School board moves to make curriculum cuts

April 26, 2011|By JENNIFER FITCH |

WAYNESBORO, Pa. — The Waynesboro Area School Board passed a resolution Tuesday night that would allow it to make significant changes to its curriculum.

The board will send documents to the Pennsylvania Department of Education seeking permission to make cuts in several programs, including foreign languages, physical education and health, technology education, and family and consumer science.

Some board members described the resolution as a starting point for future budget discussions and emphasized they're not bound by the proposals. Others said they couldn't vote "yes" for the initiative in good faith.

"This is going to kill our community because we're not giving our children the best education we can," board member Bonnie Bachtell said.

"We're not going to fill a $1.9 million deficit with hope and pixie dust," board member Billie Finn said.

The anticipated $1.9 million deficit in the 2011-12 budget would exist after six teaching positions and two support staff positions are cut. Contributing to the deficit is Pennsylvania Gov. Tom Corbett's proposed budget, which returns K-12 public education funding to 2008-09 levels.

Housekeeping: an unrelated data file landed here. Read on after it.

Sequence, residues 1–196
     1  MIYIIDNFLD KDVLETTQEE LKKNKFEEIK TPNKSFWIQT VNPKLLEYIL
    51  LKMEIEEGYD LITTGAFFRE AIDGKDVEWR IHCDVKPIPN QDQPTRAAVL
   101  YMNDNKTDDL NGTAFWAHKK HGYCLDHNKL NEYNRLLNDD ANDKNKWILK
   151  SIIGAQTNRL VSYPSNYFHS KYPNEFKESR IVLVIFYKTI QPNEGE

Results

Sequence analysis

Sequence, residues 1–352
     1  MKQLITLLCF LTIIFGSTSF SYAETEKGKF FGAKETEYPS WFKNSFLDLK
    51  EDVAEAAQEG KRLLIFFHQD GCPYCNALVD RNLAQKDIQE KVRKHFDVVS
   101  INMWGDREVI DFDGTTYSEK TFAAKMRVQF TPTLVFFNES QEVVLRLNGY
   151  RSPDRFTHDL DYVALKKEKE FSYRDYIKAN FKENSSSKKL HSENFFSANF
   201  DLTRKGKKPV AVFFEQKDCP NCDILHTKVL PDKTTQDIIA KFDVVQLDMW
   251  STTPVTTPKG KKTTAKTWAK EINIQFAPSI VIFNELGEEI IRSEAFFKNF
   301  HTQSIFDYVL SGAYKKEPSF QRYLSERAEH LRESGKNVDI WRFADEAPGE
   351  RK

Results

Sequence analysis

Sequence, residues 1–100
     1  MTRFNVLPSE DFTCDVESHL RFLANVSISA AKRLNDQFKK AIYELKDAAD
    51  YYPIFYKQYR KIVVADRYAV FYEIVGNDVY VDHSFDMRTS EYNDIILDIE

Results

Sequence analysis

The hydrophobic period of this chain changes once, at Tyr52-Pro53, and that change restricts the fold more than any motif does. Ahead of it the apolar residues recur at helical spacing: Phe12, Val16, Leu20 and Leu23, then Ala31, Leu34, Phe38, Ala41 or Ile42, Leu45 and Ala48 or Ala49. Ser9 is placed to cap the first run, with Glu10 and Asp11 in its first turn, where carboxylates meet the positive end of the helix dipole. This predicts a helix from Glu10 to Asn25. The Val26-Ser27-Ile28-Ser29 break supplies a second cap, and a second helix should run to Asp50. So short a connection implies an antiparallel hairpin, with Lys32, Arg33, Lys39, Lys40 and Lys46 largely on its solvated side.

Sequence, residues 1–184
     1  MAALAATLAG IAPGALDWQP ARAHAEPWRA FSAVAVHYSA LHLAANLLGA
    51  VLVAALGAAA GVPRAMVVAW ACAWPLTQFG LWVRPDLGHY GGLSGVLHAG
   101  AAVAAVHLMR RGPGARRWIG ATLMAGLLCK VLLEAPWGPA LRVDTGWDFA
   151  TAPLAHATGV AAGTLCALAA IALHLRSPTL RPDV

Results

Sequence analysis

Because of state restrictions, the school board is limited in the amount by which it can raise taxes. For 2011-12, the board could raise property taxes by up to 6.49 mills.

A mill represents $1 of every $1,000 assessed property value. In the Waynesboro Area School District, the average cost per mill is $17.11 for property owners.

Board member K. Marilyn Smith said she's concerned because of talk in the legislature about removing exemptions that allow school districts to raise taxes beyond an inflationary index. Without exemptions, Waynesboro would be limited to 1.51 mills without voter or court approval.

Voting in favor of the resolution were Smith, Finn, Firmadge Crutchfield, Edward Wilson, Chris Lind and Leland Lemley. Voting "no" were Bachtell, Pat Heefner and Sherry Cline, who told the superintendent his document did not incorporate her requests.

During a public comment period in Tuesday's meeting, teachers, students and residents urged the school board to preserve various programs.

Family and consumer sciences department chairwoman Phyllis Deatrich said her classes build foundations for positive human relations, good nutrition, financial skills and child development practices.

"These courses are meaningful to our students," she said.

Health and physical education teacher Tara Engle said Waynesboro joins the rest of the nation in an obesity crisis leading to diabetes, high blood pressure and high cholesterol in young people.

"Our district students are in trouble," Engle said, saying in-school physical education classes are sometimes the only exercise a student has.

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